After graduating in 1950, Sheila forged a career as a freelance designer, supplying patterns to the likes of Liberty and Marks and Spencer.

She moved between London and Linton for twelve years, before finally settling in her beloved Dales for the rest of her life. She continued selling designs by post for a further twenty years and worked on several portrait commissions until her death in 2007.

The archive consists of just over 200 hand painted patterns, the earliest dating from the 1950s, the entire collection spanning thirty years. Since first discovering Sheila’s work, Chelsea has founded the Sheila Bownas Archive and collaborated with artists and designers across the UK to produce a range of unique products that bring Sheila’s patterns back to life.

Sheila Bownas

Letting It Go

Yes, it’s come to that. There’s a skip at my place ready to be filled with the things I no longer need or want in my home.

Before you judge me too harshly…. This skip is the end of a long process of re-distributing unwanted furniture and homewares that has involved many other more environmentally-friendly options as well. If you’ve got furniture and homewares that need to be re-homed, let me tell you how I go about it.

It can sneak up on you or it can come in one almighty rush. One day you wake up and you’ve simply got more than you need. Perhaps you’ve moved to a smaller home, your children have moved out or you’ve recently cleared out your parents’ home. You feel overwhelmed and have a shed full of stuff you don’t know what to do with.

After you’ve given away pieces to family and friends…. what next?

One of the tricky things you learn at this point is what the things you own are really worth in the marketplace. It doesn’t matter how much you, your parents or grandparents paid for it new – now it’s only worth what somebody is prepared to pay for it – and that may not be very much.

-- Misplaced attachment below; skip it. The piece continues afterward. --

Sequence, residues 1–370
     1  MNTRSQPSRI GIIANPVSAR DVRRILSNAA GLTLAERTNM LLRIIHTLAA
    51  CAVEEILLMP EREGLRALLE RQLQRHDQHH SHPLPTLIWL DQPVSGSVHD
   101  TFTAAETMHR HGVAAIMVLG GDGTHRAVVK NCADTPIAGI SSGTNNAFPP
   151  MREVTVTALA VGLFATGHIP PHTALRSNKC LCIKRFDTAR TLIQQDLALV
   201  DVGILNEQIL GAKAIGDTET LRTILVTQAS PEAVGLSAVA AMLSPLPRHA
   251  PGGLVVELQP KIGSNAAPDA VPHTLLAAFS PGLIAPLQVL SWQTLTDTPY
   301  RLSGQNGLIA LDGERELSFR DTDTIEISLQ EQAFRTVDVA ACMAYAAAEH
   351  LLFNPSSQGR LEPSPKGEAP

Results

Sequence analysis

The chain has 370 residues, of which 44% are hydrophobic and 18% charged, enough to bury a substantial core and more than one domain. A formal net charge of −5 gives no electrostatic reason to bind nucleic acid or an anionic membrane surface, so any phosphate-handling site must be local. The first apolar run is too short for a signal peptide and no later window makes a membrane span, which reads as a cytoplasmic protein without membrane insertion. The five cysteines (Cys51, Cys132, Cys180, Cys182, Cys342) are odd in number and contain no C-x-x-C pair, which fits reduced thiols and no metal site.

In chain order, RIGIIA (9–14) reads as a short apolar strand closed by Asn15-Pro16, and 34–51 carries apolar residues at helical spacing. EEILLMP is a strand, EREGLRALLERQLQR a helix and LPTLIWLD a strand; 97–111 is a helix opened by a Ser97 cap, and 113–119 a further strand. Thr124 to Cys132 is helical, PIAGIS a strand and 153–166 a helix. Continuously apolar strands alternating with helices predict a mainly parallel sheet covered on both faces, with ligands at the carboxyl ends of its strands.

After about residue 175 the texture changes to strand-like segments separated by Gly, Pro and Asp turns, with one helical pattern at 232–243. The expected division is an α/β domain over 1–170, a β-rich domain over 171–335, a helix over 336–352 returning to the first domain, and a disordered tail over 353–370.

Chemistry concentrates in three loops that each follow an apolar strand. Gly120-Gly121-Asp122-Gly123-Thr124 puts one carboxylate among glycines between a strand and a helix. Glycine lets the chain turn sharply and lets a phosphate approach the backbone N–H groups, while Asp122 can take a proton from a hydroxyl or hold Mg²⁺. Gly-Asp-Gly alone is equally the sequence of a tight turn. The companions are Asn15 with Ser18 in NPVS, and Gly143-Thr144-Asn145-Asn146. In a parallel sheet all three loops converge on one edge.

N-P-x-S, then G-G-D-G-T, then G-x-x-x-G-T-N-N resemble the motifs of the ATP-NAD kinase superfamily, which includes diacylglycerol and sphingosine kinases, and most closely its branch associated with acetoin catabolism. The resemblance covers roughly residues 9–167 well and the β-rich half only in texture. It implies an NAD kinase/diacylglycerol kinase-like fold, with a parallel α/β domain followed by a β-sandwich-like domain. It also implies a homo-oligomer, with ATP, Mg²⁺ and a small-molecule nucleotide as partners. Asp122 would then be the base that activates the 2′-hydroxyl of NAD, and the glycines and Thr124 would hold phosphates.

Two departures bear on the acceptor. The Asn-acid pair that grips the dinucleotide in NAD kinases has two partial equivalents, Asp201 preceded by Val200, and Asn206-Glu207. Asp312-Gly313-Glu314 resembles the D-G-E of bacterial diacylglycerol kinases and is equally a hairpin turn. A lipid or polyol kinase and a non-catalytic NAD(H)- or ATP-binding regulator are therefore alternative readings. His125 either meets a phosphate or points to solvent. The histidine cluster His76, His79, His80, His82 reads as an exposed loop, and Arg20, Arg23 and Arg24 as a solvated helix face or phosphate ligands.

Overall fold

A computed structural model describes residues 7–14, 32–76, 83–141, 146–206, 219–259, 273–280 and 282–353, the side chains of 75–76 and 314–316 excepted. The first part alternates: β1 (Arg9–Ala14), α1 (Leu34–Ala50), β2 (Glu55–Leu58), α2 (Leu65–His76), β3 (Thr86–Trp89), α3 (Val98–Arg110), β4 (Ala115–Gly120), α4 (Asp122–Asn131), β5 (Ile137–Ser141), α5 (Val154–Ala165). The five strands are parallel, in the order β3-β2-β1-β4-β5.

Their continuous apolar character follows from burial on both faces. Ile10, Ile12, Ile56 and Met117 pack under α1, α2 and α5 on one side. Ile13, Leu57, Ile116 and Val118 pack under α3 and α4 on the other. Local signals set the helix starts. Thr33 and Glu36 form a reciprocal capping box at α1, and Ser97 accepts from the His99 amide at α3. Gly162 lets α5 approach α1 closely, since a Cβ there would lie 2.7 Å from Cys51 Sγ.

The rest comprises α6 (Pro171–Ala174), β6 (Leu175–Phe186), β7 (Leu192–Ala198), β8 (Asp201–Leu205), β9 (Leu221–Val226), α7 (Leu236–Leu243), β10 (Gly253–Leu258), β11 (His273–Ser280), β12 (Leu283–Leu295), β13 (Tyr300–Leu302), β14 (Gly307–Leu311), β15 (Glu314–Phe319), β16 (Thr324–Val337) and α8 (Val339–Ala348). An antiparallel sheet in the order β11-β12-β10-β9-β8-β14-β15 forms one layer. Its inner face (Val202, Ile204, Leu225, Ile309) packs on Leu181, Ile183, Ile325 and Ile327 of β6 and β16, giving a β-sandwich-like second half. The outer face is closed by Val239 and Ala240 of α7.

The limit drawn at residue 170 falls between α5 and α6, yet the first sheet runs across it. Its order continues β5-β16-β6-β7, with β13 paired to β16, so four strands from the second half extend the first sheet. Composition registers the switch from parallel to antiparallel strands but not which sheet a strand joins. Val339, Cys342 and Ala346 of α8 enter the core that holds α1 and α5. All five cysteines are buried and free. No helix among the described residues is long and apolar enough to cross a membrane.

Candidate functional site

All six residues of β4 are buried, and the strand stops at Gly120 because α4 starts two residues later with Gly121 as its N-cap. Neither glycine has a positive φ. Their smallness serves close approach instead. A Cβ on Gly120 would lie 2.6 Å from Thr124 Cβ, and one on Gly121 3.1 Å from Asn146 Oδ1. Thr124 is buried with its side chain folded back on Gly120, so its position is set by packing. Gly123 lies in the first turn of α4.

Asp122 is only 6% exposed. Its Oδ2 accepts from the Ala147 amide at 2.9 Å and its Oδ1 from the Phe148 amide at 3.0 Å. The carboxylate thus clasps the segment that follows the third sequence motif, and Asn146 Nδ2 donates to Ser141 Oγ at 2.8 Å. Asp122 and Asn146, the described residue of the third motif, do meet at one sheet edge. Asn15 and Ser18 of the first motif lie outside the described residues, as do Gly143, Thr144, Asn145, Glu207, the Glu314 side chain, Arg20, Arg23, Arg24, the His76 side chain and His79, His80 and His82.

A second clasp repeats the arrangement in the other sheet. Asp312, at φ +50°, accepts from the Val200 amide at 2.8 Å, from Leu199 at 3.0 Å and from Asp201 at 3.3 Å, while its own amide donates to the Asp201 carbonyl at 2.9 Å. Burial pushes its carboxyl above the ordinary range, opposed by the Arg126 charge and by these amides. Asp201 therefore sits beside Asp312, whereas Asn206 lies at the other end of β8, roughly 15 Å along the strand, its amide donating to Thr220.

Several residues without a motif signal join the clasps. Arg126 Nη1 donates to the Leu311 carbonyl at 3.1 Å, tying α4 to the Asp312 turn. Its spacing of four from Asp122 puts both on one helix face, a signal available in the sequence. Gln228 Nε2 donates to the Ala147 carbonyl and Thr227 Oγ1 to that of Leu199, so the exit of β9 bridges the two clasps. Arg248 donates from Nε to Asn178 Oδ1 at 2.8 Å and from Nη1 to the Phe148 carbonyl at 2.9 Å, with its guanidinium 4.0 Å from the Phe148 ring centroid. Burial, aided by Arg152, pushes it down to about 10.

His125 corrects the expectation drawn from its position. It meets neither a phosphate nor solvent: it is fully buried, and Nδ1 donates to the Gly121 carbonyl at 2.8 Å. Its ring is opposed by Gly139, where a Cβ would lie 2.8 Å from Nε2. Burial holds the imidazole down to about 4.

But first, how to separate out what may be worth selling?

Ask the experts. Take lots of photos and send them to someone who knows.

For pre-WWII furniture and homewares I use Scammell Auctions. They hold Estate Auctions weekly and more specialised auctions throughout the year. They will give you an auction estimate – don’t forget to include the cost of transport and their auction commission in your calculations. If you have many items of value, they will send someone out to your home to identify particular pieces they know are likely to sell at auction. Having a look at their past auction results will also give you an idea of what certain pieces are currently being sold for.

For mid-century furniture and homewares I talk to Ben at My Modern Nest. He is very knowledgeable and will pay a fair price. Retailers like Ben often buy stock at the auctions, so you’ll get a better price going to him directly.

Then there’s the odds and ends like cut-glass, wicker, pottery, tea cups, mirrors and pictures. This is when I talk to Sam at The Fabulous Scavenger. For most of the items of this ilk from my parents’ home I simply donated them to Sam. For instance, I had many, many preserving jars. They didn’t have enough financial value for Scammells to take them. But they were so wrapped up emotionally in my childhood that I found it difficult to just donate them to a charity. I wanted someone to understand their emotional value and make sure they went to a good home. Sounds a bit mad, but that’s how I felt. Sam took these pieces from me with respect and genuine enthusiasm and then someone else came into her shop and was delighted to take them to a new home.